Virginia Residents Sign Petition To Replace A Confederate Statue With One Of Rapper Missy Elliott

A new petition is currently circulating that seeks to replace a Confederate monument in the state of Virginia with a statue of local native, rapper Missy Elliott. The monument is in Portsmouth, Virginia, which is Elliott’s birthplace.

The petition, started by Nathan Coflin wants the city of Portsmouth, Virginia, to replace a Confederate monument with a statue of Missy “Misdemeanor” Elliott. When the petition was first posted a few days ago on, they were seeking 35,000 signatures to deliver to Portsmouth, Va. mayor, John L. Rowe.  At the time of writing, it had already been signed by over 30,000 people in just a couple of days.

“We believe it is time to finally replace the Confederate Monument in Olde Towne Portsmouth Virginia near the intersection of Court and High streets with a new statue of a true Portsmouth native hero. Who better to encapsulate the culture and spirit of the city enshrined in a new monument than Grammy Award winning rapper, dancer, and record producer Missy “Misdemeanor” Elliott?” the petition stated.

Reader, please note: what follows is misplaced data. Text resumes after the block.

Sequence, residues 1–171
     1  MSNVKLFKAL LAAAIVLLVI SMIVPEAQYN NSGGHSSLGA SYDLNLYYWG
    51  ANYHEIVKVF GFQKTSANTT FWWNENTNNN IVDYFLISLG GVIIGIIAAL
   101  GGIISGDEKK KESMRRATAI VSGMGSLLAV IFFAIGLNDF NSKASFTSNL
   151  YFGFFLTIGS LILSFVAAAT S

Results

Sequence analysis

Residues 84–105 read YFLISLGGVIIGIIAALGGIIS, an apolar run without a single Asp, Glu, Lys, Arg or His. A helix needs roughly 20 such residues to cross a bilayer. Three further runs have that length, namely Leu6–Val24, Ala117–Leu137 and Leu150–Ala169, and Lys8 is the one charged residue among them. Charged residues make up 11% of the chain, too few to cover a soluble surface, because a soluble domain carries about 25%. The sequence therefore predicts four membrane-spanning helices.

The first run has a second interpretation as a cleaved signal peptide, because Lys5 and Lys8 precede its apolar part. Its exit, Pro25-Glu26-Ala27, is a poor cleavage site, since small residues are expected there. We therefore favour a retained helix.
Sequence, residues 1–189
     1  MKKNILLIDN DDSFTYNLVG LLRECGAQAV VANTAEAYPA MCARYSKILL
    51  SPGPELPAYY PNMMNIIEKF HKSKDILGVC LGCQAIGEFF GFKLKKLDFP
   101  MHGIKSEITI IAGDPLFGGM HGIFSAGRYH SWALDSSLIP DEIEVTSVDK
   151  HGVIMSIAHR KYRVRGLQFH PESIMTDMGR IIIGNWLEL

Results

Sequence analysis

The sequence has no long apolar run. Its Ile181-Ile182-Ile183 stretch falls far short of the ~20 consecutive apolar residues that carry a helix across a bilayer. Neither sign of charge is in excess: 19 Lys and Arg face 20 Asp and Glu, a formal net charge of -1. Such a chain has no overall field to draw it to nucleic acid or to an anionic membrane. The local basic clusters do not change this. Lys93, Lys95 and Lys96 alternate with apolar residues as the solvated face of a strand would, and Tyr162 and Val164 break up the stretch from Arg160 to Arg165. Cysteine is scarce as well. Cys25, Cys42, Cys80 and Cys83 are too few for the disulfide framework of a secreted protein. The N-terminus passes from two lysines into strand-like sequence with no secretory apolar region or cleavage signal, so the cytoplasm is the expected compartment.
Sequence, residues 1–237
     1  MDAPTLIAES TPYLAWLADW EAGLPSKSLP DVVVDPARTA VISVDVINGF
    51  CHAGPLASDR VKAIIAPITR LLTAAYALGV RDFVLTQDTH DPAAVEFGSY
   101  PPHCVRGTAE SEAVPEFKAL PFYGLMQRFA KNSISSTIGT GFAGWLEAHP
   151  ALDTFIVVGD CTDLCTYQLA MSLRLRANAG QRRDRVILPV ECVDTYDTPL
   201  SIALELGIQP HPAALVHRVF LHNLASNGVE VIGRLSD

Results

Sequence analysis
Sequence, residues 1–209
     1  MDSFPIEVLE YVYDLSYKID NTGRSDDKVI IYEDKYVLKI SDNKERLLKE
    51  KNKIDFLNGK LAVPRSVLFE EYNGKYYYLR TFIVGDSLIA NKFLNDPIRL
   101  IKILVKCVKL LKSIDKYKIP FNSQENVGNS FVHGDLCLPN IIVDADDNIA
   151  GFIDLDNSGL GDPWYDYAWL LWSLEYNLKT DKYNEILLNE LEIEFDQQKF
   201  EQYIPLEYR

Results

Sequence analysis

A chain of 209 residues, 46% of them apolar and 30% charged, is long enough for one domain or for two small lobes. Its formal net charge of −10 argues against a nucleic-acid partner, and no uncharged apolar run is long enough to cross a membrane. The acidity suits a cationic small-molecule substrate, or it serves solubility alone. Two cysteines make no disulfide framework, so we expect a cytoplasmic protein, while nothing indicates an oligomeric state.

Missy Elliott made her solo debut in 1997 with “Supa Dupa Fly” and was introduced to a new generation of music fans when she performed as a guest during Katy Perry’s Super Bowl halftime show in 2015. Her most recent studio album, “The Cookbook,” was released in 2005, but she has released a handful of singles and produced for other artists since then. She has won six Grammys, 15 MTV Video Music Awards, 15 BET awards and eight American Music Awards.

Nathan Coflin of Virginia, who posted the petition, argued that Elliot has had five Grammy Awards and has sold over 30 million albums. Elliott responded to news of the petition on Twitter last week, saying: “I don’t know what to say just to see this warms my heart and it’s so humbling to me.”

See the petition here.

Back on Aug. 12, white nationalists protested the removal of Charlottesville, Virginia’s plans to remove a statue of Confederate General Robert E. Lee. Three people were killed and dozens were injured in the aftermath of the race-fueled violence.